These days, a majority of the representatives of the Royal Canadian Legion are from civil society and not necessarily veterans. Some of them are family members, relatives, brothers, and sons of military personnel who have served their country, who have passed away or been wounded in combat. These people have decided to volunteer their time to help veterans.
I would like to talk about something that happened in my riding. This year, in Thetford Mines, we came close to not being able to mark Remembrance Day, Armistice Day. Unfortunately, the Royal Canadian Legion in our community had to close its doors after 70 years because of a lack of volunteers. Claude Nadeau, the president of the branch, worked hard to ensure that a ceremony was held every year. He put a lot of effort into bringing together veterans and serving members from our community.
However, since there are not very many veterans or serving members in Thetford Mines, it was becoming increasingly difficult to bring these people together for a ceremony. Our veterans from the last great war have almost all passed away now. We have one or two active members. These people were deeply saddened when they learned that there might not be a Remembrance Day ceremony. That is why, despite the fact that Branch 201 of the Royal Canadian Legion shut down, Mr. Nadeau and a few volunteers still organized a commemorative ceremony.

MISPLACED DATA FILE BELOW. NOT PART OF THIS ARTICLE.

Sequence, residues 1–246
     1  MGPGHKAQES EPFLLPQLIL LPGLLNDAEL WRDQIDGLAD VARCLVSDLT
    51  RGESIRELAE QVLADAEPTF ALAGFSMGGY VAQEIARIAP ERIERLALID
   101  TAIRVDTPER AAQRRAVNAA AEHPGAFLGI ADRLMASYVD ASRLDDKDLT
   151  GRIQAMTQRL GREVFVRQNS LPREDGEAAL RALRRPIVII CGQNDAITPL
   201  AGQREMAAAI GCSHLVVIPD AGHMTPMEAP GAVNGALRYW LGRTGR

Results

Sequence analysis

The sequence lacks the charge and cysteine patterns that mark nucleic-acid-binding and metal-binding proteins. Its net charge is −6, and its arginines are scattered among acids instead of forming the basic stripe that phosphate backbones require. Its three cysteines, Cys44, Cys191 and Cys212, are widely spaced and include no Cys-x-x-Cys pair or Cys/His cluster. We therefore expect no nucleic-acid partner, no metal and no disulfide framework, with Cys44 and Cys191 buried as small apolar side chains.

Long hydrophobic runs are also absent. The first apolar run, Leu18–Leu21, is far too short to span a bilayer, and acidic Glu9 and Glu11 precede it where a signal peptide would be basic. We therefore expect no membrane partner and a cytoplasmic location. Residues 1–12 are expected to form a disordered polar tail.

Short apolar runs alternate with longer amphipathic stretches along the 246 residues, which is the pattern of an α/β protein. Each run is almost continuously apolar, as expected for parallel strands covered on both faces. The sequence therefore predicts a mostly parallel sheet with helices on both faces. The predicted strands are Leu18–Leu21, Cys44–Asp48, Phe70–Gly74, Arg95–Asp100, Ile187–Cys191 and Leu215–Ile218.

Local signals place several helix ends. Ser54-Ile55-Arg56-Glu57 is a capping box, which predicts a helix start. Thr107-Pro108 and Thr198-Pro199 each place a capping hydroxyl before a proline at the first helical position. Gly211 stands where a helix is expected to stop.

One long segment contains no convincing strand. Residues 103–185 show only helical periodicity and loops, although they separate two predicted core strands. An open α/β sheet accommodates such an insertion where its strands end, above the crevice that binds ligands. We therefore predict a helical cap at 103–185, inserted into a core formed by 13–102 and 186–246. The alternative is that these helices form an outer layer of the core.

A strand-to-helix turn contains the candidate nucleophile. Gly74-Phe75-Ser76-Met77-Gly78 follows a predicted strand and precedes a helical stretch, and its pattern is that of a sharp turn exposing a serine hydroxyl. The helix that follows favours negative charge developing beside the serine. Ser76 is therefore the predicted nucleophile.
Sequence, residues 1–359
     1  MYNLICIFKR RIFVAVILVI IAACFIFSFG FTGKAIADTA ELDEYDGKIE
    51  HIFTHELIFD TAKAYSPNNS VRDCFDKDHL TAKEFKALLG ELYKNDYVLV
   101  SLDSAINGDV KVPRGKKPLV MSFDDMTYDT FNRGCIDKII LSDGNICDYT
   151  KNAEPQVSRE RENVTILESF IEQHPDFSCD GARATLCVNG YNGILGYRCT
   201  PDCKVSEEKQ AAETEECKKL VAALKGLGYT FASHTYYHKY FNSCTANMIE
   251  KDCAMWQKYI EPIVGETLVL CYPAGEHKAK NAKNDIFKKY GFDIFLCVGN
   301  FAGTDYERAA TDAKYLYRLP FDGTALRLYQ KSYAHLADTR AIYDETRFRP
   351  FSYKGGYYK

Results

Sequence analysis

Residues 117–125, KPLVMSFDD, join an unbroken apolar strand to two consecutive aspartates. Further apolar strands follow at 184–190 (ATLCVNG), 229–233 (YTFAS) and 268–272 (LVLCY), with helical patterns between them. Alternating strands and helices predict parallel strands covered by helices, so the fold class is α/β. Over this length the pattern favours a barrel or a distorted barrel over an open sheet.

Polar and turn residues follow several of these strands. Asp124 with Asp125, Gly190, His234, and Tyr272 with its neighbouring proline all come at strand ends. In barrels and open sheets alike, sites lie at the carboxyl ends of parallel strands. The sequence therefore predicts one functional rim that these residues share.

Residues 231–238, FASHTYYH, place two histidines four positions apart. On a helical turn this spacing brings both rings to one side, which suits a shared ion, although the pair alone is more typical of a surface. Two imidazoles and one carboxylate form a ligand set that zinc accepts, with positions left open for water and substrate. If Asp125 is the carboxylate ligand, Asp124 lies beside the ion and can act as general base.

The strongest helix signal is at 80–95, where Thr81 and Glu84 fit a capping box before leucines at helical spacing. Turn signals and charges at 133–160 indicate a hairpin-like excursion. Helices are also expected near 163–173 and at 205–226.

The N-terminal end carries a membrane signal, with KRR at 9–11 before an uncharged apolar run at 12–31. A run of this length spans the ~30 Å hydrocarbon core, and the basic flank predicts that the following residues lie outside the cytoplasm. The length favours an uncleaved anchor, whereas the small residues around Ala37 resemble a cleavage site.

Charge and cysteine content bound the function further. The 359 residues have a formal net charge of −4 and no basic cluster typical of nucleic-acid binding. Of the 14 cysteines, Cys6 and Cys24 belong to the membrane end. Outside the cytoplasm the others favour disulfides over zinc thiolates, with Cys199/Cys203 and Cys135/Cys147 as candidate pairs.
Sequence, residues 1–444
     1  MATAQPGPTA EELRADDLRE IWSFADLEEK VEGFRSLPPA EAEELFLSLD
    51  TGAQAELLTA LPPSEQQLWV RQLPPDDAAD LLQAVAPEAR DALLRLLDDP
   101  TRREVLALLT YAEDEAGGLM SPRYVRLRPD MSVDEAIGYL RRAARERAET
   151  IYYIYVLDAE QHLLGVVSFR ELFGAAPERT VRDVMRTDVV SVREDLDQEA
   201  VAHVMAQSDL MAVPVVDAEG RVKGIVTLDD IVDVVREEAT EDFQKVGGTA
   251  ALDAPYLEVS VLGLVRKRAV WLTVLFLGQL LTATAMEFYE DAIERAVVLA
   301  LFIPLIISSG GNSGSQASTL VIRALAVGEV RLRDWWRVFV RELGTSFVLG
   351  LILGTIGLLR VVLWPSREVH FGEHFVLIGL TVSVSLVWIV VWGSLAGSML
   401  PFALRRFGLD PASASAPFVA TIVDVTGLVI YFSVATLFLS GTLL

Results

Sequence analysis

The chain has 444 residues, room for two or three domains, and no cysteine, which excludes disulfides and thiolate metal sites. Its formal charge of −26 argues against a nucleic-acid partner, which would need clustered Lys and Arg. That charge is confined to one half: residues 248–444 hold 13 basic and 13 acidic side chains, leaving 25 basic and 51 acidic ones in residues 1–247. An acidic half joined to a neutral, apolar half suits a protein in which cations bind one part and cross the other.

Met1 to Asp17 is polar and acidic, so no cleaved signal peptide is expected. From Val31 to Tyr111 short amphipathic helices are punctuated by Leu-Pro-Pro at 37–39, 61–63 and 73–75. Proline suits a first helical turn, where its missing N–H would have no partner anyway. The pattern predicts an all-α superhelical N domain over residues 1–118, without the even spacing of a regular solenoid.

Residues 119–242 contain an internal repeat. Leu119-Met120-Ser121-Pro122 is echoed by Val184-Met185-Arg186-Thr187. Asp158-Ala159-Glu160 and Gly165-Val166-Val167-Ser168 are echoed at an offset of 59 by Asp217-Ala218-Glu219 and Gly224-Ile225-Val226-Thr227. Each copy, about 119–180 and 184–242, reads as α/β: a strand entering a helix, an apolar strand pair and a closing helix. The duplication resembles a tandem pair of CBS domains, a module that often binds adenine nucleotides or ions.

The same sort of thing happened in another town in my riding, Lac-Mégantic. For the first time in a long time, no Remembrance Day ceremony was held because of a lack of volunteers. If Canadians want an association that helps preserve the memory of our veterans, then they need to understand the essential role that civilians play in the Royal Canadian Legion.
We therefore need to take into consideration the Royal Canadian Legion's views of Bill C-311. We need to listen to what it has to say and find out whether it thinks it is important to pass this bill to make Remembrance Day a legal or statutory holiday. By sending this bill to committee, we would give the Royal Canadian Legion the opportunity to express its views. We owe a great debt to our veterans and also to those who serve them, like the Royal Canadian Legion.